UTM parameters require manual updating and don’t provide as much insight as the ValueTrack parameters. If you’ve properly tagged, you should be able to go into Google Analytics to Acquisition > Campaigns > All Campaigns, and toggle between primary and secondary dimensions. Be aware that other companies may share your link and add own parameters, so these results will show up as well.
Back to Top

Scaling and Growth

If you’re making large-scale changes as you continue to manage and grow your account, AdWords Editor is a free Google tool that can be used offline.

You can use shortcuts to select all.
You can use shortcuts to select all.
And then make quick changes in bulk
And then make quick changes in bulk

Continue with your keyword expansion and mining, so you can adjust bids on your brand, competitor, general, and multi-intent keywords. You can use tools like SpyFu’s Kombat to assist when it comes to your Search Network campaigns.
If you keep a campaign with broad match keywords, but have a lower budget and bid as not to waste money, you can use it as a SKAG mining tool. You can also use Dynamic Search Ads, so Google crawls non-ecommerce sites in search of terms to extract. These terms can be added as negative keywords or added as SKAGs in other campaigns.
Even though you should be able to get conversions with one layer of targeting, you can start testing layering different target criteria to uncover even more with display. There’s a lot of cross-pollination with Display Network audiences. So, you can often find ancillary audiences to target.
WhatRunsWhere let’s you see the placements of competitors and how long they’ve been targeting that placement. You can also see the ads that are being used and for how long in consecutive days they’ve been seen.
These are just a few of the tools and methods you can use to continue to scale and grow your account.
Back to Top

AdWords Guide Wrap Up

Google AdWords is mostly just a traffic generator; it's not an automatic conversion or sales machine. You need to put in much more work than just focus on your AdWords account if you truly want to get some amazing results.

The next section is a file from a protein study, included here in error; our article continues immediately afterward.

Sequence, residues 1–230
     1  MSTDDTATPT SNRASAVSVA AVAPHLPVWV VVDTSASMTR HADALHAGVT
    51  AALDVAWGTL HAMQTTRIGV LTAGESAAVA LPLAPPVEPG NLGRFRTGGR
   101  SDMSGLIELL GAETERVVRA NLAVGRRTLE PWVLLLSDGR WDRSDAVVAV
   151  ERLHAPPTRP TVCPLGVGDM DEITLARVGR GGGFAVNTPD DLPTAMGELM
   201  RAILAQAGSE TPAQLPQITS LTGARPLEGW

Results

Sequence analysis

If you're in the SaaS or lead gen space, the parts of the equation that you need to get right is three-fold:

Your equation looks like this.
Your equation looks like this.

To achieve PPC success, AdWords is just the beginning of something much bigger. You also need to care about improving your conversion rates through landing page testing and conversion rate optimization.
And then from there, you also need to be able to turn your conversions into sales, which means working on your sales processes to either improve your closing rate or come up with new offers to be able to create revenue from any type of conversion.
This means that if you focus backwards on the equation above, you'll achieve much quicker success with Google AdWords. If you improve your sales rate, you don't need as many leads as before to be successful. And if you improve your conversion rate, you can work with less clicks and save money on your ad budget.
And the same thing applies if you're an eCommerce store.

Your equation looks like this.
Your equation looks like this.

If you focus on improving things like average order values, shipping costs, fulfillment costs, and repeat customers before you focus on improving things in AdWords, you'll be able to pay much less for a sale and be more aggressive with your bids. AdWords doesn’t operate in a silo -- it takes correct targeting, messaging, landing pages, offers, back end funnels, and the ability to sell.
Whether in B2B or B2C, continually ask questions when it comes to increasing those macro-metrics:

  • Are there better follow up sequences you can test?
  • Could you be faster at reaching out to leads?
  • Does a two-step landing page perform better than a one-step?
  • Does geographic granularity perform better than a generic landing page?

The more granular you get and the more smoke tests you run, the better performance you start to see. You get more control, and more consistent and predictable performance over time with AdWords -- and that’s, after all, is what you’re trying to achieve.